good going to the left but is a little sticky going to the right, I might just do this
drill on the right side and that's it.
When I rotate the horse to go forward again, if he's a reining horse, I'll
rotate him with a slight bit of forward motion, turning around on his inside
hind foot. If he's a cutting horse, I'll rotate him with more weight on his hocks,
using either both hind feet or the outside hind foot to turn around on.
Fence helP
I like to do this drill out in the open, in the middle of the arena. But if
I'm having trouble with a horse, I'll do it in the corner of the arena where I
have two fences to push the horse toward to keep the circle as round as I
possibly can.
As the horse comes off the fence and wants to go out of the circle, then
I'll drive back to a point that's 4 to 6 feet out from the corner. He'll learn that
arc and not want to leave out of the corner.
My favorite option with this drill comes at the end. Instead of doing the
half turnaround at the end to come back going forward on the circle, I'll turn
the horse around two or three times and end up back on the circle.
Another variation on this drill is to make a figure-8 with your back-
You establish your perfect circle going forward. When you stop and
maintain that arc in the horse's body, don't do a half turn to back around the
circle. Instead, just back the horse into an additional, same-size circle right
next to the one you just made, making a figure-8, maintaining the same arc
in the horse's body.
riDing PerFecT circleS
Be consistent in your circle size. For this drill, make your circles 12 to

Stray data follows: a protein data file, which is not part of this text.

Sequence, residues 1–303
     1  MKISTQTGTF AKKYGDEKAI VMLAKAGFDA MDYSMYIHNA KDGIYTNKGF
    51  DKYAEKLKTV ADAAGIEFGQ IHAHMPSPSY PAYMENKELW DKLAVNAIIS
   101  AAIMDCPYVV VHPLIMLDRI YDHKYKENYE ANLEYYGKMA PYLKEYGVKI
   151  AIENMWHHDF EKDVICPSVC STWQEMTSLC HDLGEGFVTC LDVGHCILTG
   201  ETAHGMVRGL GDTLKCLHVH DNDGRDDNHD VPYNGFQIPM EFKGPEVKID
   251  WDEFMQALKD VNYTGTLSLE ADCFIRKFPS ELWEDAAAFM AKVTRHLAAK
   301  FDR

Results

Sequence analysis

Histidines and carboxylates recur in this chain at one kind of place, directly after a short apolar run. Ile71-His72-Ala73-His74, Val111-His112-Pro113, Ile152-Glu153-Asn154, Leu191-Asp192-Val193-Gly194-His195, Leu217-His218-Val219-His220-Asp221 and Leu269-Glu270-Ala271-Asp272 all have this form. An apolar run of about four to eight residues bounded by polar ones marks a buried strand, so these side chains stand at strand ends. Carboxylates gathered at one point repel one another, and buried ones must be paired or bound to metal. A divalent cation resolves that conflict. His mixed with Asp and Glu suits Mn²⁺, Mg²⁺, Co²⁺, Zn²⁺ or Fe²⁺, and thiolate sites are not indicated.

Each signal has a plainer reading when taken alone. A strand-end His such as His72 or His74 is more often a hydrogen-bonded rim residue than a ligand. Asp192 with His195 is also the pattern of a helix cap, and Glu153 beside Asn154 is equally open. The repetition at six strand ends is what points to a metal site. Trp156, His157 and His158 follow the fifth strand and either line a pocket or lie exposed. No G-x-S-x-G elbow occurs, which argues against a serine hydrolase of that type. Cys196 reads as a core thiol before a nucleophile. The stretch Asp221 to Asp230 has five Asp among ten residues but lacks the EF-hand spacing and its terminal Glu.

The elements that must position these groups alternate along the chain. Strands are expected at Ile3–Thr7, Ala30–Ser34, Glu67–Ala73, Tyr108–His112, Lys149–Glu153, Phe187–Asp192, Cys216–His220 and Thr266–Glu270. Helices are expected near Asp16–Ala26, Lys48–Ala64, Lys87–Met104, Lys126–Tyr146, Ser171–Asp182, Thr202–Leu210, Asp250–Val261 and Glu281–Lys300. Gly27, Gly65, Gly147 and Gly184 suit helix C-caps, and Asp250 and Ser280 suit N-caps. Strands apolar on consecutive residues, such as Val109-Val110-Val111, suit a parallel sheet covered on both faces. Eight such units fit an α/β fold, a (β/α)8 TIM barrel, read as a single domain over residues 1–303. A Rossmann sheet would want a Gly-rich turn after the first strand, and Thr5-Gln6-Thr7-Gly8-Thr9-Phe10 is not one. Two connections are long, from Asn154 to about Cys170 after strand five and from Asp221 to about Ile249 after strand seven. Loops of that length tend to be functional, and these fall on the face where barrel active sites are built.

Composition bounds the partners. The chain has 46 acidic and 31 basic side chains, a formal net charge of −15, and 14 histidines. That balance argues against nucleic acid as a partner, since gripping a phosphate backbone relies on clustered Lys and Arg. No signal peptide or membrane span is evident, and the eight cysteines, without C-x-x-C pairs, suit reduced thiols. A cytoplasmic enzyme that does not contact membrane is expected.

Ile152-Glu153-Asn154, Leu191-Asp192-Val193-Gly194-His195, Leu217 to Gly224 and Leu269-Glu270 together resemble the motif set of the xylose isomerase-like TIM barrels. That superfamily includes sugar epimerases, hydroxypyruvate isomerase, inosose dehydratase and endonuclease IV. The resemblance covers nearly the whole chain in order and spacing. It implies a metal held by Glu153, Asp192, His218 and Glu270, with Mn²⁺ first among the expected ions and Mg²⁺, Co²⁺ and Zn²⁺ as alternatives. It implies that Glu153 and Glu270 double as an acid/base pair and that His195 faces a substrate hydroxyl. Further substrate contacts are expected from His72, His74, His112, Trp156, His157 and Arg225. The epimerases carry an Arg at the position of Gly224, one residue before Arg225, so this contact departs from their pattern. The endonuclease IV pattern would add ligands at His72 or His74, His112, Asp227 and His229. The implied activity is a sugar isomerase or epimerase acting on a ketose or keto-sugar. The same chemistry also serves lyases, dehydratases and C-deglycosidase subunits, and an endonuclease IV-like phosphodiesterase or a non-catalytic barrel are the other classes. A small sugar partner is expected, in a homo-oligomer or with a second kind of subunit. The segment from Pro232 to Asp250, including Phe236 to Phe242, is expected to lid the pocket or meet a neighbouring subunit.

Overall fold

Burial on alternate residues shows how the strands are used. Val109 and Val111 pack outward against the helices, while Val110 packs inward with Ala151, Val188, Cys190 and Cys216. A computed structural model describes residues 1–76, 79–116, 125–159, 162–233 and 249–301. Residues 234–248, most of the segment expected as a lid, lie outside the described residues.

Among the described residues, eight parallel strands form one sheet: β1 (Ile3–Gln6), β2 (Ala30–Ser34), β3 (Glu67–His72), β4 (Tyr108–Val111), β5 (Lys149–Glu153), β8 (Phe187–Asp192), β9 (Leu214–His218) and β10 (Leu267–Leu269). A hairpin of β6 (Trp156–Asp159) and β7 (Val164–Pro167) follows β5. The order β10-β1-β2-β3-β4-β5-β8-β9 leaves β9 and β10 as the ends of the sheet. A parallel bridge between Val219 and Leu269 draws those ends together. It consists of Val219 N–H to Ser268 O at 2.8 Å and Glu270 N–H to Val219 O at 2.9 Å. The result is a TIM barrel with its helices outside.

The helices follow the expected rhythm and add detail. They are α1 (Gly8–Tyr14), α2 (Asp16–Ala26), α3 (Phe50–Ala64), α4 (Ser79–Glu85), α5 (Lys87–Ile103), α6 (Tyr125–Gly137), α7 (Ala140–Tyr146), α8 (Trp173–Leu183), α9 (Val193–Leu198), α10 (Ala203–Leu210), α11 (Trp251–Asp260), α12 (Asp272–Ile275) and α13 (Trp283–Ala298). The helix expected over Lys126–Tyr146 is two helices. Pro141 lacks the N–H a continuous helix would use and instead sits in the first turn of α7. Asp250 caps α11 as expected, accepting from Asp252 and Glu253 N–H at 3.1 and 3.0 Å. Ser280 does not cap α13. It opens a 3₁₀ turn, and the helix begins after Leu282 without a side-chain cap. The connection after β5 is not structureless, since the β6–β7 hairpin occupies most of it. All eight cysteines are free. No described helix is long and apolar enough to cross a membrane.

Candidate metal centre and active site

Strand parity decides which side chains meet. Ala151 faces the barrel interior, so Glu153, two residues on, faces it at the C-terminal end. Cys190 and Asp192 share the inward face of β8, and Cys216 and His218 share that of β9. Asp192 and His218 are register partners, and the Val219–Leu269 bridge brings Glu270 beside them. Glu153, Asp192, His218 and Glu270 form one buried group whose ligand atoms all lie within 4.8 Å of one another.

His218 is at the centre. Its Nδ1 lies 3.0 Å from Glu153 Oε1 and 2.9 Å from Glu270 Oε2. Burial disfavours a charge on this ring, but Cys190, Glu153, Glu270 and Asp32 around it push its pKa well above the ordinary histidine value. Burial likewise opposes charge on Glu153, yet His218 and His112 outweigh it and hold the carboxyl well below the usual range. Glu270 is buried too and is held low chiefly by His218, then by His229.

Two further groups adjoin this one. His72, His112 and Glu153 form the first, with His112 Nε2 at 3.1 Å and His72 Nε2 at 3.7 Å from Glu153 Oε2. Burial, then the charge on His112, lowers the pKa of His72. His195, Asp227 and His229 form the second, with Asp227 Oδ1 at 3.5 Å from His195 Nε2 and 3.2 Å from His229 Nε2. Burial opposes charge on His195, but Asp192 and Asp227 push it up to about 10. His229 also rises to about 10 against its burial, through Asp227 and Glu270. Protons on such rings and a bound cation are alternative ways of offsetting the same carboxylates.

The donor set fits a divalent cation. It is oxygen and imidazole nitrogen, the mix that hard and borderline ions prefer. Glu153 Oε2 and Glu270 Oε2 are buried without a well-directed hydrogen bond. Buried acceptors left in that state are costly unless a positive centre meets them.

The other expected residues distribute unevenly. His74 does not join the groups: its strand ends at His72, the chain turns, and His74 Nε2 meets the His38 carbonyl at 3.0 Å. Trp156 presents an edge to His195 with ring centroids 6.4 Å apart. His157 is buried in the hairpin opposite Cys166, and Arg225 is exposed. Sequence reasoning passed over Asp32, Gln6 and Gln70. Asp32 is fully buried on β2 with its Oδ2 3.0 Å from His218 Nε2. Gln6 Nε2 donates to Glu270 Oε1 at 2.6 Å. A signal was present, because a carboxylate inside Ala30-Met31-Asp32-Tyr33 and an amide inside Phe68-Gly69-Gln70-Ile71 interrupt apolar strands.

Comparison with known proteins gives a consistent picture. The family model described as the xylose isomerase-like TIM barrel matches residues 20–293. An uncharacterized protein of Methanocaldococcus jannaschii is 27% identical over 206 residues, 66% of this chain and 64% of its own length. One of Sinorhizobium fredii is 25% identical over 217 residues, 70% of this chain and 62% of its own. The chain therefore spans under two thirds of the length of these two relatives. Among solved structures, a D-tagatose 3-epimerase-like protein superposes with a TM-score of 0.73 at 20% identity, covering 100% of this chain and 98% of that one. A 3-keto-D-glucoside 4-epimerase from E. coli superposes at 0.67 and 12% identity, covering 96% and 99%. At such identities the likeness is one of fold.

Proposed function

14 feet, and learn what that looks and feels like to ride.
What usually happens when you're working on this is that you get a
bubble in your circle; one side is a little larger so it's really an oval or egg.
Using a focal point for your circle can help with that.
I've used just about anything: a cactus, rock or piece of manure that
was in my arena. In clinics, I'll put a barrel or a cone in the middle of the
circle. Use that focal point to help you stay exactly 6 or 7 feet from all sides
of that focal point for your perfectly round circle.
bout the Author:
Arizona horseman, Al Dunning, has owned and operated
his "Almosta Ranch" since 1970. The Quarter Horse training facility is in
Scottsdale, Arizona. Born in Chicago in 1950, Al's family moved to Arizona
when he was 8 years old. He began riding horses with his sisters and went
on to further his talents with mentors such as Jim Paul, John Hoyt and Don
Dodge. Over the years, Al developed his multifaceted business with a focus
on the development of champion horses and riders. Al married his wife Becky
in 1971. Becky is a well-known horse show announcer, and co-founded
America's Horse Cares, a division of the AQHA foundation which focuses
on therapeutic riding charities. The Dunnings have two children, Grady and
McKenzie Parkinson. Al has been a professional trainer since 1970. His
expertise in all facets of western events have elevated him to great success
in the AQHA, NRHA, NRCHA, and NCHA. Al has developed a winning
tradition with quarter horses that is well documented. He trains, conducts
clinics, and consults for ranch development and equestrian planning.
Learn more at, a membership website
featuring the training methods and best practices of World Champion Al
The Back-Around Drill
by Al Dunning
Photo by Charles Brooks